BRAWLEY — Brawley Mayor Donald Wharton gave the State of the City address Friday evening at the Brawley Municipal Airport in a hangar filled with Imperial Valley citizens and dignitaries.
Usually held in a morning breakfast format, Wharton said he wanted to highlight recent improvements at the airport including runway lighting and infrastructure upgrades. Wharton’s career has been the aviation industry and he is now in a leadership role at REACH Air Medical air ambulance service. He manages the company’s growth over the entire western United States.
“The state of the city is good,” said Wharton in his address. “We are experiencing steady growth. The council has set forth specific areas of focus for the city with a clear vision for retail growth, improved streets, maintaining service levels in an ever-challenging economic environment, infrastructure investment and improvement, and downtown revitalization. Staff and department leaders within the city have worked tirelessly to deliver in these respective areas.”
Wharton went on to give some current facts about Brawley. The population is 27,417. Median age is 30.5. Average household size is 3.5 people. Home ownership rate is 52%.
Wharton also pointed out city statistics with a $15 million general fund budget, a $37 million overall budget, 140 permanent employees, 1,316 business licenses, and 5,707 utility billing accounts.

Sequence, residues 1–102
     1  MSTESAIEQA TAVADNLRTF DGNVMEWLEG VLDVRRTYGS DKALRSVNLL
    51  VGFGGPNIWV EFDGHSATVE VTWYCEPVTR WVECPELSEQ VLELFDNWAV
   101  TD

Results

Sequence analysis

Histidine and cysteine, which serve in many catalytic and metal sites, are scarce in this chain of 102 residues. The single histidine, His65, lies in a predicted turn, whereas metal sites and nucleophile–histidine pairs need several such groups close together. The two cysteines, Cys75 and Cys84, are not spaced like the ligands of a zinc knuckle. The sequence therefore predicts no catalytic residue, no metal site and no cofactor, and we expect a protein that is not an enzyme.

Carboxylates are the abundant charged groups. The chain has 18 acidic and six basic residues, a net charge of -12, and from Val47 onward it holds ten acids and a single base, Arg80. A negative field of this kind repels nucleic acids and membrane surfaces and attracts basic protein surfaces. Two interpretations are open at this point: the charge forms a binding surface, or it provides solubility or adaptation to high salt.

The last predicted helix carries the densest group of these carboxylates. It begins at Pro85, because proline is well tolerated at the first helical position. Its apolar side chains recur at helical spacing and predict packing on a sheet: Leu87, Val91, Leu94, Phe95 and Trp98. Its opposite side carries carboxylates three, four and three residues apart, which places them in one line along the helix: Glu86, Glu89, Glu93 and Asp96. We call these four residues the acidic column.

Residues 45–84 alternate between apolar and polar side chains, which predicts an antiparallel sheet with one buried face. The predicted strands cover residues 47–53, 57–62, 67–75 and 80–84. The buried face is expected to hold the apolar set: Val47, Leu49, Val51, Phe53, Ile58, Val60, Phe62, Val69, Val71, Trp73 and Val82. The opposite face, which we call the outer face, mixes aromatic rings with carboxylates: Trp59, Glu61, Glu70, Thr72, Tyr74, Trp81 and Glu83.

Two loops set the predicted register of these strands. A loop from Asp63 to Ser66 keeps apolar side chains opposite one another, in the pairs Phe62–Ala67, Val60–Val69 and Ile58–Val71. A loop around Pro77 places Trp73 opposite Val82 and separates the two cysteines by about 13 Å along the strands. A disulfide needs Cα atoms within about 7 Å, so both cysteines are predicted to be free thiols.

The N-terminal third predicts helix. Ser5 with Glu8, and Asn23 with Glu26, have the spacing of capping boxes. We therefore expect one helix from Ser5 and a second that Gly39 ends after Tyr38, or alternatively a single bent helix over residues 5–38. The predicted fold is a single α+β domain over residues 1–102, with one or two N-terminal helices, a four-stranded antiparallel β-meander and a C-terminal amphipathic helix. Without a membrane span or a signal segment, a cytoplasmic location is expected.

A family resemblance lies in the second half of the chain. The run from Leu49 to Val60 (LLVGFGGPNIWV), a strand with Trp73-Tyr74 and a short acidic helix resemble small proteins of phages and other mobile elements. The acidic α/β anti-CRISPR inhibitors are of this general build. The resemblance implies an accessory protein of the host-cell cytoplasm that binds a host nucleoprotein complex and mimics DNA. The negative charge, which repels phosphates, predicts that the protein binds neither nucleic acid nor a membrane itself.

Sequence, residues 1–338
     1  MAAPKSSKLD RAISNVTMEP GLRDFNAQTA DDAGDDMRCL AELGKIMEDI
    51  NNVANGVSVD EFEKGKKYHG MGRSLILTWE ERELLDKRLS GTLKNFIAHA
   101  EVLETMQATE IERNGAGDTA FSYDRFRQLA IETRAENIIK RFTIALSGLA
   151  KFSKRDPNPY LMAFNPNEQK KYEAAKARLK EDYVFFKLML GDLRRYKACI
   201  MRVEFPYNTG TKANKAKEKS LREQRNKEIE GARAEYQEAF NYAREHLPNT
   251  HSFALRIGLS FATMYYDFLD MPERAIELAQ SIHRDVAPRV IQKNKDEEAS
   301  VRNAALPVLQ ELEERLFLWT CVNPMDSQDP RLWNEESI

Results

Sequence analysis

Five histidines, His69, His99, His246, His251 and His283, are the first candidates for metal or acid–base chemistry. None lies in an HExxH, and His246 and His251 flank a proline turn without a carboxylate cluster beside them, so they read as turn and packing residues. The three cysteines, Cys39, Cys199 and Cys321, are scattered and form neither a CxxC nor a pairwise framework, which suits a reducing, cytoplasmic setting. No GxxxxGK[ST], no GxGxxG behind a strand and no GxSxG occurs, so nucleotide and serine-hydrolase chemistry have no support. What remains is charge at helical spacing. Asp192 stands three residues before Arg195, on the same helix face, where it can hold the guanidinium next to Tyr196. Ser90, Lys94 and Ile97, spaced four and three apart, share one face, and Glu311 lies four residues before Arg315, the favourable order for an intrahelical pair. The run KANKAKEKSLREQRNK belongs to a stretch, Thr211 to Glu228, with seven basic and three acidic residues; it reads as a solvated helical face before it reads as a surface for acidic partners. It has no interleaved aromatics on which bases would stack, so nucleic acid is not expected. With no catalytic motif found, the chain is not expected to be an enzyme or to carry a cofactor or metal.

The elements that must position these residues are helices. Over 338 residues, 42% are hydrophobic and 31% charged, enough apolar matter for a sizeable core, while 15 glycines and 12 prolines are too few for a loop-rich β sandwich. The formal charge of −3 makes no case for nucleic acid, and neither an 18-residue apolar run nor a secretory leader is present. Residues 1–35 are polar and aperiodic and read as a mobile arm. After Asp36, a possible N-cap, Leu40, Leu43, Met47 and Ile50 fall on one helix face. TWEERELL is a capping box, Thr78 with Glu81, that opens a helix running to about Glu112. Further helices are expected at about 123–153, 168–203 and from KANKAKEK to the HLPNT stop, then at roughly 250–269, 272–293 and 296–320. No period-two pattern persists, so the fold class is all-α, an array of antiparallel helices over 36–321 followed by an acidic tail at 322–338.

“The number of active business licenses continues to grow,” said Wharton. “As a matter of fact, this number has grown by another 200 since I gave this address a couple of years ago.”
Completed capital projects include $1.2 million in bus stop shelters, $270,000 in senior center improvements, $315,000 in striping and sidewalk improvements, and $930,000 in improvements to Hinojosa Park.
“We have topped over $3 million in park upgrades and improvements over the past couple of years,” said Wharton. “Many millions of dollars have been invested in capital projects and infrastructure in the northwestern quadrant of the city.”
"The newly finished Pilot Commercial Fueling Center at the Eastern Gateway has been several years in the making,” continued Wharton. “Planned for the area are residential patio homes, village suites, parks, and more commercial development.”
Construction of a new Taco Bell and a new McDonald’s are giving Brawley a facelift according to Wharton. There is more happening at the Southern Gateway by Wal-Mart and a new company is repurposing the abandoned Burger King. Downtown is continually being improved with code enforcement, painting projects, and new ownership. Other coming changes include new construction on the Brawley Mobile Home Park and the former PureGro site.
According to Wharton, many roadway improvements are ongoing or slated for this year, including North Eighth Street, Southeast Brawley, Rio Vista, and Legion Road. A lighting project is slated for the Plaza Park area in downtown Brawley. Also, there are water plant upgrades to be completed.
Wharton shared the story of his father-in-law’s father who settled in Imperial Valley in 1905 to farm. He became successful and helped the Valley grow through his vision of making a life in Imperial Valley.
“I leave you with this,” said Wharton. “Brawley-ites are dreamers. We are inventors. We are entrepreneurs. We are builders. We are growers. We are producers. We are resilient and hardy. We are compassionate and competitive. But most of all, we are a community of tight-knit neighborhoods, a collection of great families that care about their fellow citizens and care about their city. We are mothers and fathers, grandfathers and grandmothers, and brothers and sisters. These are the things I, along with my fellow council members, think of with every decision we make.”